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NEWS
January 2, 1985 | Associated Press
Japan on Tuesday lifted sanctions it imposed on North Korea in November, 1983, to protest a terrorist bombing in Rangoon, Burma, the previous month that killed 17 visiting South Korean officials. Japanese government officials may again travel to North Korea, and North Korean officials may enter Japan. Also lifted were bans on Japanese and North Korean diplomats' making contact in third countries.
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NEWS
December 23, 1999 | From Associated Press
Japanese and North Korean officials agreed Wednesday to continue talks on establishing diplomatic ties but were unable to announce plans for the start of formal negotiations. A Japanese Foreign Ministry official who attended the two sessions of talks spread over two days said the North Korean side showed a strong desire to improve relations with Tokyo. He said the parties agreed to meet early next year and will probably again hold the negotiations on neutral ground in Beijing.
WORLD
July 26, 2003 | From Reuters
North Korea says it is prepared to conduct a nuclear test unless the United States responds positively to its proposals for resolving concerns over Pyongyang's weapons ambitions, Japanese and North Korean sources were quoted as saying today. The Japanese newspaper Asahi Shimbun said this had been conveyed to U.S. special envoy Jack Pritchard by a North Korean official in a secret meeting this month.
WORLD
October 30, 2002 | From Reuters
Japan and North Korea held a contentious round of talks Tuesday on normalizing relations but remained far apart on the key issues of North Korea's nuclear arms program and Japanese citizens abducted decades ago. The two-day talks, the first full-scale negotiations between the countries in two years, are under an international spotlight as pressure mounts on the North Korean government to scrap a nuclear arms program it has pursued in violation of a 1994 agreement.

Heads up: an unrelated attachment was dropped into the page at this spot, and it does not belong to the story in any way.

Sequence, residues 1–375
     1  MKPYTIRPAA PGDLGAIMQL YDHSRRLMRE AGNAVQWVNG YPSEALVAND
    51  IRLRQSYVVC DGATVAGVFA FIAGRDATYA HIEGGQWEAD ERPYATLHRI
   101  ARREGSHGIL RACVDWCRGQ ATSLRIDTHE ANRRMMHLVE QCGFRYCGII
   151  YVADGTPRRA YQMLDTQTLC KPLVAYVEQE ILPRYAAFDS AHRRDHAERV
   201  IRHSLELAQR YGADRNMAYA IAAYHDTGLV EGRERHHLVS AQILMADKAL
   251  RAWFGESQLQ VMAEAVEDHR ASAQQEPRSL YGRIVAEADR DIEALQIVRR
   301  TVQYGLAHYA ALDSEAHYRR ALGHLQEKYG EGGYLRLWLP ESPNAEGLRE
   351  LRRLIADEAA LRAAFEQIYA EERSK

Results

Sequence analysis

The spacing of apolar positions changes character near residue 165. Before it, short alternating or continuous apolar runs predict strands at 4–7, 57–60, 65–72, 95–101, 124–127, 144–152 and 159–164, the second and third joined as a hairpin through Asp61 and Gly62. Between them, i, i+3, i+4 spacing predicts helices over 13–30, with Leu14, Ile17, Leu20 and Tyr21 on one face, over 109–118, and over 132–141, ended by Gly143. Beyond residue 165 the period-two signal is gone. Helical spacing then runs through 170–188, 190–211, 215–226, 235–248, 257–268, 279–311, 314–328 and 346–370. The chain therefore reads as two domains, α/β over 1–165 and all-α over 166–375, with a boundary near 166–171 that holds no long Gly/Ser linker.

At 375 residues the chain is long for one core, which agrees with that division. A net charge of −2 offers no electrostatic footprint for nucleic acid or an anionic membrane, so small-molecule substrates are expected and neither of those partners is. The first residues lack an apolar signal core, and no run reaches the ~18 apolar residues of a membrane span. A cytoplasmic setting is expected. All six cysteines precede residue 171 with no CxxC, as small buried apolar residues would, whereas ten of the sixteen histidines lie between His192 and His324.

WORLD
October 10, 2002 | VALERIE REITMAN, TIMES STAFF WRITER
North Korea will permit five Japanese kidnapped more than two decades ago to visit their homeland next week, although their children born in the Communist nation will not be allowed to accompany them, Japanese officials said Wednesday. North Korea has said the five victims, whose trips will be paid for by the Japanese government, can stay only two weeks. The announcement came as Japanese and North Korean officials prepare for talks Oct.
NEWS
March 25, 1999 | SONNI EFRON, TIMES STAFF WRITER
Japanese warships firing warning shots and military aircraft dropping explosives chased two suspected spy ships in the Sea of Japan for more than 24 hours but gave up Wednesday when the vessels sped into North Korean territorial waters, the government said.
WORLD
October 31, 2002 | Mark Magnier, Times Staff Writer
North Korea defiantly refused to abandon its nuclear weapons program Wednesday, leaving little hope of an early resolution in its standoff with Washington, Tokyo and Seoul. During two days of normalization talks between Japanese and North Korean officials in Kuala Lumpur, the Malaysian capital, North Korea turned down Japan's request to end its uranium enrichment program.
NEWS
August 23, 1997 | RONE TEMPEST, TIMES STAFF WRITER
In a move that could bring much-needed aid to food-strapped North Korea, Japanese and North Korean diplomats agreed Friday to reopen long-stalled negotiations to normalize relations between the two countries. After two days of meetings in the Chinese capital, diplomats agreed to an agenda of ambassadorial-level discussions leading to an eventual exchange of diplomatic recognition by the governments in Tokyo and Pyongyang.
WORLD
June 25, 2002 | MARK MAGNIER, TIMES STAFF WRITER
After nearly two decades of tears, anguish and bureaucratic frustration, the Arimoto family finally met their daughter's kidnapper. For years, they'd imagined what they would say to the person responsible for taking their round-faced Keiko away so many years before. How they'd convey the pain and anger they'd suffered, and the fear as they'd imagined the worst, before finally learning years later that the 23-year-old had been lured to Communist North Korea--where she may still be alive.
NEWS
September 28, 1990 | SAM JAMESON, TIMES STAFF WRITER
In what appears to be a major change in policy, North Korea on Thursday proposed opening talks with Japan in early November to establish full diplomatic relations. Prime Minister Toshiki Kaifu welcomed the move and said Japan will consult closely with South Korea, where an explosion of anger against Tokyo erupted immediately.
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